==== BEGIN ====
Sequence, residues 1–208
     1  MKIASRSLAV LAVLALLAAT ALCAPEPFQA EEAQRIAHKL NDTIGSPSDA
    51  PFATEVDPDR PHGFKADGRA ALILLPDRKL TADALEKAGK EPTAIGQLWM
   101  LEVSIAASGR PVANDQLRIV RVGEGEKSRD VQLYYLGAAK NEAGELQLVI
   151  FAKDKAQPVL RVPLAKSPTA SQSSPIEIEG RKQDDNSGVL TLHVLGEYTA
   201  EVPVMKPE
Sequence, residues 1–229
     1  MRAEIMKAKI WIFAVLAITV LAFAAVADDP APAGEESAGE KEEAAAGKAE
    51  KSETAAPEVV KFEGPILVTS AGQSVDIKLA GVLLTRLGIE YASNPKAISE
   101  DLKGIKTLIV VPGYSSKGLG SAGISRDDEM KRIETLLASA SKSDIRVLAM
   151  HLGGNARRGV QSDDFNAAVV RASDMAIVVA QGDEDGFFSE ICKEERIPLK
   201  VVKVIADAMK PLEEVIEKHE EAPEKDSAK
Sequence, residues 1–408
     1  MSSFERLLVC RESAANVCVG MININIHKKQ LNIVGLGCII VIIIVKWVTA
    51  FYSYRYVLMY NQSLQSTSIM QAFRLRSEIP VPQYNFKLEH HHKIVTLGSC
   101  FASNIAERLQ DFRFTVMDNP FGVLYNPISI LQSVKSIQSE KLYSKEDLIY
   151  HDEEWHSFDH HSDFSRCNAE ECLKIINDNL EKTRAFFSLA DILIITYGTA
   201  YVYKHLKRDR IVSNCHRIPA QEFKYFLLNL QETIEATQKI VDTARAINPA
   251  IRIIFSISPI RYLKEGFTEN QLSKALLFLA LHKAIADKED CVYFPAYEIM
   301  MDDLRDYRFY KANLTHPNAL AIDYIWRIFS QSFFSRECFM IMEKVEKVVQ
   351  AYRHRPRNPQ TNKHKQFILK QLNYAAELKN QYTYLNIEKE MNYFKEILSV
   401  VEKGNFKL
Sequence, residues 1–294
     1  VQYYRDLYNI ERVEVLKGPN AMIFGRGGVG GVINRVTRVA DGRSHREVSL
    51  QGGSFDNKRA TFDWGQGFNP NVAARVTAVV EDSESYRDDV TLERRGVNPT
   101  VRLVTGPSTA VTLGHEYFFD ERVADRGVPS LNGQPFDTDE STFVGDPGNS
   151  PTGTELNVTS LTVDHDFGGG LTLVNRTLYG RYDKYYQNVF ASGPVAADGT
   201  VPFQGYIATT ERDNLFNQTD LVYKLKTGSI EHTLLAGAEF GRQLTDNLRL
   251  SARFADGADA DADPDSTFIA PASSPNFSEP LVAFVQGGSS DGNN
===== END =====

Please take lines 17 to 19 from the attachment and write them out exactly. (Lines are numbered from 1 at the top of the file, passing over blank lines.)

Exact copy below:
   151  HDEEWHSFDH HSDFSRCNAE ECLKIINDNL EKTRAFFSLA DILIITYGTA
   201  YVYKHLKRDR IVSNCHRIPA QEFKYFLLNL QETIEATQKI VDTARAINPA
   251  IRIIFSISPI RYLKEGFTEN QLSKALLFLA LHKAIADKED CVYFPAYEIM